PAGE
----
|The Pendant Shakespeare|
|The Phoenix and The Turtle|
|The Pendant Shakespeare Logo|
|Air Date||April 21, 2008|
|Directed by||David Alexander McDonald|
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|A Midsummer Night's Dream - Act V||The Rape of Lucrece|
- From fairest creatures we desire increase,
- That thereby beauty's rose might never die,
- But as the riper should by time decease,
- His tender heir might bear his memory.
- But thou, contracted to thine own bright eyes,
- Feed'st thy light's flame with self-substantial fuel,
- Making a famine where abundance lies,
- Thy self thy foe, to thy sweet self too cruel.
- Thou that art now the world's fresh ornament,
- And only herald to the gaudy spring,
- Within thine own bud buriest thy content,
- And, tender churl, mak'st waste in niggarding.
- Pity the world, or else this glutton be,
- To eat the world's due, by the grave and thee.
- Those pretty wrongs that liberty commits,
- When I am sometime absent from thy heart,
- Thy beauty, and thy years full well befits,
- For still temptation follows where thou art.
- Gentle thou art, and therefore to be won,
- Beauteous thou art, therefore to be assail'd;
- And when a woman woos, what woman's son
- Will sourly leave her till he have prevail'd?
- Ay me! but yet thou might'st my seat forbear,
- And chide thy beauty and thy straying youth,
- Who lead thee in their riot even there
- Where thou art forced to break a twofold truth:--
- Hers by thy beauty tempting her to thee,
- Thine by thy beauty being false to me.
- Since brass, nor stone, nor earth, nor boundless sea,
- But sad mortality o'er-sways their power,
- How with this rage shall beauty hold a plea,
- Whose action is no stronger than a flower?
- O, how shall summer's honey breath hold out
- Against the wreckful siege of battering days,
- When rocks impregnable are not so stout,
- Nor gates of steel so strong, but Time decays?
- O fearful meditation! where, alack,
- Shall Time's best jewel from Time's chest lie hid?
- Or what strong hand can hold his swift foot back?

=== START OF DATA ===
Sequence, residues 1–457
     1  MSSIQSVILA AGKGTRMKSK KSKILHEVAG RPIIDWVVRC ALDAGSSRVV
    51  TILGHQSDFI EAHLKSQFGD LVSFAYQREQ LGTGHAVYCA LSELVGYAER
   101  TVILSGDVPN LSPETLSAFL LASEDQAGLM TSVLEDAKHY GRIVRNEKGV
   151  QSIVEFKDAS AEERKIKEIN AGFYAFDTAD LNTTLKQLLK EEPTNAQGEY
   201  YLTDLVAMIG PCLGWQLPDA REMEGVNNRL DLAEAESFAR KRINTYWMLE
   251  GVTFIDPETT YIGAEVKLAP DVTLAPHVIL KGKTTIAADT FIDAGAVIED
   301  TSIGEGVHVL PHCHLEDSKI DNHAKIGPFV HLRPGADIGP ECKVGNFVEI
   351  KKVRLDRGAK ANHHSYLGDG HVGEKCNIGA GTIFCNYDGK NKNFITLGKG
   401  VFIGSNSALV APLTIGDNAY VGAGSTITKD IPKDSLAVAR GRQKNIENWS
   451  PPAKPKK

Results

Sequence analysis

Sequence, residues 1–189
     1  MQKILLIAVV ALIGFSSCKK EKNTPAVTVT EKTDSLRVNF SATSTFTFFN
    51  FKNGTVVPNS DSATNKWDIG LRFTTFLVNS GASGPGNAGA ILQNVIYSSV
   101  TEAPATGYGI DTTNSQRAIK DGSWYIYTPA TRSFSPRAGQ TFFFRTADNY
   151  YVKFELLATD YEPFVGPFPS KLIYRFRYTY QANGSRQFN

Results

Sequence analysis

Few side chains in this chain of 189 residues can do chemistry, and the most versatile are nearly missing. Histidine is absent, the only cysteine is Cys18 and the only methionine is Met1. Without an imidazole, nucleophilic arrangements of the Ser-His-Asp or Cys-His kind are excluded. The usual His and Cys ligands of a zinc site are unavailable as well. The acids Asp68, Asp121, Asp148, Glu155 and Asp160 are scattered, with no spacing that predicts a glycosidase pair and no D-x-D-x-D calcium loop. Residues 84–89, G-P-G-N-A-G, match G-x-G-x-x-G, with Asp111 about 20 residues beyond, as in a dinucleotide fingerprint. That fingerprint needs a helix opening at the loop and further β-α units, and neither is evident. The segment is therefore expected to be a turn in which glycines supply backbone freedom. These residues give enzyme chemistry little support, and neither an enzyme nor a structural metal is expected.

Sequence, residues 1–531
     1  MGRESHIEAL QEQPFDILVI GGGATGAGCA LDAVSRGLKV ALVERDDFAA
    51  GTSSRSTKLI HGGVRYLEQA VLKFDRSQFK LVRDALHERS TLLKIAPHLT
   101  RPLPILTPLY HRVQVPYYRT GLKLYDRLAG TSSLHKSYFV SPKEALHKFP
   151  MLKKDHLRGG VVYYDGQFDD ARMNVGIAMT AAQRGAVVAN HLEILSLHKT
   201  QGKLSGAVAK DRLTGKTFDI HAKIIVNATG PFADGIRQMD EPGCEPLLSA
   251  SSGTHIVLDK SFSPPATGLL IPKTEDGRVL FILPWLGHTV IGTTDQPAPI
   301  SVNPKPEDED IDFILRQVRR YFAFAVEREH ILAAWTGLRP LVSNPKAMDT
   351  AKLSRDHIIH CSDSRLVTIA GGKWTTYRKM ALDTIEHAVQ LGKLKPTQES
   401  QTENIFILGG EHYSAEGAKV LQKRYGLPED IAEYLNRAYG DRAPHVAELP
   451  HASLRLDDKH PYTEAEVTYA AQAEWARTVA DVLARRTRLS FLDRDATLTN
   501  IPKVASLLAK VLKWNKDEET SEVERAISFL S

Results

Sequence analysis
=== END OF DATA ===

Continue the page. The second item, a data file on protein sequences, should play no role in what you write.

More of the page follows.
- Or who his spoil of beauty can forbid?
- O, none, unless this miracle have might,
- That in black ink my love may still shine bright.
- Tired with all these , for restful death I cry,
- As, to behold desert a beggar born,
- And needy nothing trimm'd in jollity,
- And purest faith unhappily forsworn,
- And guilded honour shamefully misplaced,
- And maiden virtue rudely strumpeted,
- And right perfection wrongfully disgraced,
- And strength by limping sway disabled,
- And art made tongue-tied by authority,
- And folly doctor-like controlling skill,
- And simple truth miscall'd simplicity,
- And captive good attending captain ill:
- Tired with all these, from these would I be gone,
- Save that, to die, I leave my love alone.
- So shall I live, supposing thou art true,
- Like a deceived husband; so love's face
- May still seem love to me, though altered new;
- Thy looks with me, thy heart in other place:
- For there can live no hatred in thine eye,
- Therefore in that I cannot know thy change.
- In many's looks, the false heart's history
- Is writ in moods, and frowns, and wrinkles strange.
- But heaven in thy creation did decree
- That in thy face sweet love should ever dwell;
- Whate'er thy thoughts, or thy heart's workings be,
- Thy looks should nothing thence, but sweetness tell.
- How like Eve's apple doth thy beauty grow,
- If thy sweet virtue answer not thy show!
- Since I left you, mine eye is in my mind;
- And that which governs me to go about
- Doth part his function and is partly blind,
- Seems seeing, but effectually is out;
- For it no form delivers to the heart
- Of bird, of flower, or shape which it doth latch:
- Of his quick objects hath the mind no part,
- Nor his own vision holds what it doth catch;
- For if it see the rud'st or gentlest sight,
- The most sweet favour or deformed'st creature,
- The mountain or the sea, the day or night,
- The crow, or dove, it shapes them to your feature.
- Incapable of more, replete with you,
- My most true mind thus maketh mine eye untrue.
Alicia Laine Matheson - Sonnet 1
Philip Weber - Sonnet 41
Kathryn Pryde - Sonnet 65
David Alexander McDonald - Sonnet 66
David Ault - Sonnet 93
Fiona Thraille - Sonnet 113